ENTERPRISING students put their blossoming business skills to good use when they staged a charity Christmas Fair this week.
Teenagers from New College in Durham raised £460 for St Cuthbert’s Hospice and The Lily Foundation, a charity which supports children and families affected by mitochondrial disease.
Many of those involved are business students and the talented teens drew upon their studies to raise as much money as possible.
From negotiating with local businesses for discounted rates and free raffle prizes, to ensuring their stalls were visually appealing to customers, they pulled out all the stops.
Henry Johnson, 17, raised £200 by hosting a charity night at his home for friends and family, while Courtney Bunker, 18, secured a £100 donation from a generous relative.
Others baked cakes, served hot chocolates and organised games and competitions.
Sue Webster, a business studies lecturer, at New College, said: “I am very proud of the students. They have worked so hard and really encouraged one another. It is wonderful to support charities, especially those with personal significance to staff and students.”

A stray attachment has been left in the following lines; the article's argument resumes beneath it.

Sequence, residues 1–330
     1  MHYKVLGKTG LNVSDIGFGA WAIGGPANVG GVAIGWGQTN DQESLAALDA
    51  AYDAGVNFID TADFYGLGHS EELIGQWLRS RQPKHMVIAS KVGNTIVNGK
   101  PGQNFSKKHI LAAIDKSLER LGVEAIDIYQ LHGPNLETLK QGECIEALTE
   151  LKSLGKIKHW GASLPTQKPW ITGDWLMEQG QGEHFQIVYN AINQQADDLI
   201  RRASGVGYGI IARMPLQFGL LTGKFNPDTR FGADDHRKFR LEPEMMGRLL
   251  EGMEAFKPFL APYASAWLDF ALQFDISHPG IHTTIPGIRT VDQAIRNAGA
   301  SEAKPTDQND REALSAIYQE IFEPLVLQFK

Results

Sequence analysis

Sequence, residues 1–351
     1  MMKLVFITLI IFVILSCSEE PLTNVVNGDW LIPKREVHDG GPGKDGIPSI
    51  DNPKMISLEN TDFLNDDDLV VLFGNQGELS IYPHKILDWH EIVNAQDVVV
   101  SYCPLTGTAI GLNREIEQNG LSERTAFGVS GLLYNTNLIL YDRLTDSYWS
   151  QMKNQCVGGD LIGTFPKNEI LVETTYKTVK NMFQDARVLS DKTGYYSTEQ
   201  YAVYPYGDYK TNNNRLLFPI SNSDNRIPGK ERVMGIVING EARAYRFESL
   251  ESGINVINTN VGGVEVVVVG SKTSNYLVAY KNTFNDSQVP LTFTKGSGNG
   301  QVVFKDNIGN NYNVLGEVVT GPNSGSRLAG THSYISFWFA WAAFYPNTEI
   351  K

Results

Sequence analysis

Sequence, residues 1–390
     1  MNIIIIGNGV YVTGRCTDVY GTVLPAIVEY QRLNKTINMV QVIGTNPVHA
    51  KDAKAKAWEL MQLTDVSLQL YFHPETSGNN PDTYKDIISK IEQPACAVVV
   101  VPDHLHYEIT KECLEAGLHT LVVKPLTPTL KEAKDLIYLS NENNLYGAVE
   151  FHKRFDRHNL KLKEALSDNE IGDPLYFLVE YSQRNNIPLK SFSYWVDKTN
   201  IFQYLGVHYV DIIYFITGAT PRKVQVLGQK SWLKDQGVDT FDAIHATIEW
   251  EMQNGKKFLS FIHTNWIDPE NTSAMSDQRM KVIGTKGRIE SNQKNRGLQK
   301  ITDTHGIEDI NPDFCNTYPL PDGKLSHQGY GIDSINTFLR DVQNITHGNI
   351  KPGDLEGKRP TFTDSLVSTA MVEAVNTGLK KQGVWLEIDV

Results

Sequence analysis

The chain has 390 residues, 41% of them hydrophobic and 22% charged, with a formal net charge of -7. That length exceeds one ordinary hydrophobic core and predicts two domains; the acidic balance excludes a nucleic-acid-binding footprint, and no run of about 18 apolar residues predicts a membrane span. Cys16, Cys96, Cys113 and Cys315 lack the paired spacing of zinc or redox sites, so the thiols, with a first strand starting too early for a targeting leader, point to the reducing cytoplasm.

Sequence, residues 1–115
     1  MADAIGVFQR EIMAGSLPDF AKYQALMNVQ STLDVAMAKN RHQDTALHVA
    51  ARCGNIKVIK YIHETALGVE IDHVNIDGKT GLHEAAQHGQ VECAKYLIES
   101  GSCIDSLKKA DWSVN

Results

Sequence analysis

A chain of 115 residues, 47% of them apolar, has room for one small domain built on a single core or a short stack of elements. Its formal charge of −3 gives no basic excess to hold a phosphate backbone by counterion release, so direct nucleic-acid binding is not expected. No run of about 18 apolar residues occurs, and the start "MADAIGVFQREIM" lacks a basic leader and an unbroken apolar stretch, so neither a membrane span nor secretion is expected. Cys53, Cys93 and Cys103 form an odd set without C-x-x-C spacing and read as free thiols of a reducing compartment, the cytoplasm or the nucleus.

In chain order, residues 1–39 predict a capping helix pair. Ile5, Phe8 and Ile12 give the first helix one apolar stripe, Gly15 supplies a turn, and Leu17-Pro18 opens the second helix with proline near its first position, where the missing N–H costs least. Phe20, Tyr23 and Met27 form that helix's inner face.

The college supported the Hospice in memory of Julia Grant, the sister of business apprenticeship co-ordinator Christine Tait. Julia passed away here in October 2014.
Christine, who also took part in our Colourama event in June, said: “Everyone at the Hospice was wonderful. They treated my sister so well and looked after the whole family. I can’t praise them enough.”
Sue’s late granddaughter Sophia Capstick, who died when she was just eight months old, inspired the college to raise funds for The Lily Foundation.
Everyone at St Cuthbert’s would like to thank the staff and students at New College for their support.
Each year, we must raise £1.3m to continue providing outstanding palliative care to those affected by life-limiting illness in County Durham.
Support from the local community and organisations such as New College is vital.